Rising costs and moderating sales hit Amara Raja’s margins

Amara Raja’s net revenue rose by 10% from the year-ago period to Rs1,382 crore, a tad below the Street’s forecast


Amara Raja’s net profit too fell by around 17%, quite a rare phenomenon in the firm’s decadal track record. Photo: Mint
Amara Raja’s net profit too fell by around 17%, quite a rare phenomenon in the firm’s decadal track record. Photo: Mint

Amara Raja Batteries Ltd (ARBL), the second largest lead-acid battery maker in the organized sector, put up a tepid show in the December quarter. The demonetisation of high-value currency notes did not drag down the firm’s sales, but then costs rose significantly during the quarter to impact profitability.

ARBL’s net revenue rose by 10% from the year-ago period to Rs1,382 crore, a tad below the Street’s forecast. But the price of lead, the main raw material used in batteries, was up by about 10% and 40% when compared to the September and year-ago quarters, respectively.

That was not all. The firm’s marketing and advertising campaigns have been maintained to pump up sales, amid stiff competition from both the organized and unorganized markets for batteries.

Indeed, this has paid off. ARBL has been gaining mileage steadily at the expense of its competitor and No. 1 player Exide Industries Ltd. Yet, ARBL is cautious. Dealers say that ARBL’s products are normally priced at a slight discount to those of Exide.

Meanwhile, the quarter saw a rise in freight and transport costs too. Together, the operating costs jumped by around 15% year-on-year (y-o-y) to outpace revenue growth. Thus, operating profit took a beating. At Rs203 crore, it was not only around 11% lower than a year ago but it also slipped below Bloomberg’s 12-broker average estimate.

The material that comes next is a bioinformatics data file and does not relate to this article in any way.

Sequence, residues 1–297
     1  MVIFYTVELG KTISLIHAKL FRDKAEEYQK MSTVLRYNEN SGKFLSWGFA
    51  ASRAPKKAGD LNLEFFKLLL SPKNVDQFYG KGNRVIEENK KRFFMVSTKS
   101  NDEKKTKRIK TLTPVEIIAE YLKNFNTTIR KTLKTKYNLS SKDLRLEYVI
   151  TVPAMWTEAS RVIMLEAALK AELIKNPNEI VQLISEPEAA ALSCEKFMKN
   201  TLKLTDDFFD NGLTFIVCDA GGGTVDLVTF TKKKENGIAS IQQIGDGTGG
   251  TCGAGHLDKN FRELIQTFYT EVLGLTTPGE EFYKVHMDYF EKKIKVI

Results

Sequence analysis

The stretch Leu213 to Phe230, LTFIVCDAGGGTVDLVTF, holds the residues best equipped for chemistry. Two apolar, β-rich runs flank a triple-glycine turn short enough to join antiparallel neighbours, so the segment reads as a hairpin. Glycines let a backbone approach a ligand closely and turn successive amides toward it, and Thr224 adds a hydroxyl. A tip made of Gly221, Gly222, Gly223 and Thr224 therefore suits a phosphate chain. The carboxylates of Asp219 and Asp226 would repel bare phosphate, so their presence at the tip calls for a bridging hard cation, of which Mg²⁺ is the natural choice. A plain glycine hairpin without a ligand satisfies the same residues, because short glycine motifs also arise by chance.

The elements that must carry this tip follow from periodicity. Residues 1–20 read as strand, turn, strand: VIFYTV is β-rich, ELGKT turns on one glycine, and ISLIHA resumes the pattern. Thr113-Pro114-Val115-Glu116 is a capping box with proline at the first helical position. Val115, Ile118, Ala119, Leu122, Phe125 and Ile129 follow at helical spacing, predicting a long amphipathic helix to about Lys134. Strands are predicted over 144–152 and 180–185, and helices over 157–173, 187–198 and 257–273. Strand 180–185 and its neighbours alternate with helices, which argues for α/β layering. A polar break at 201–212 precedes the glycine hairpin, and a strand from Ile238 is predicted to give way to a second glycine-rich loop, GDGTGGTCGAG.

This was mirrored in profitability. Operating margin at 15.4% was a huge 360 basis points (bps) lower y-o-y. Importantly, it was lower than what analysts had pencilled in. According to Elara Securities India (Pvt.) Ltd, the four-wheeler replacement segment continues to outperform the industry, but the two-wheeler original and replacement segment was badly hit due to the impact of demonetisation, but should gradually get back to normal in the current quarter.

Further, the firm’s telecom and uninterrupted power supply (UPS) business was not very exciting.

On the whole, therefore, the combination of rising costs and moderating sales took a toll on profits. Net profit too fell by around 17%, quite a rare phenomenon in ARBL’s decadal track record.

So the stock did let off steam soon after the results were announced on Friday. At Rs886 apiece, ARBL’s shares trade at about 24 times FY2018 estimated earnings, a fair valuation, given that earnings growth may rev up in the March quarter on the back of better revenue growth.

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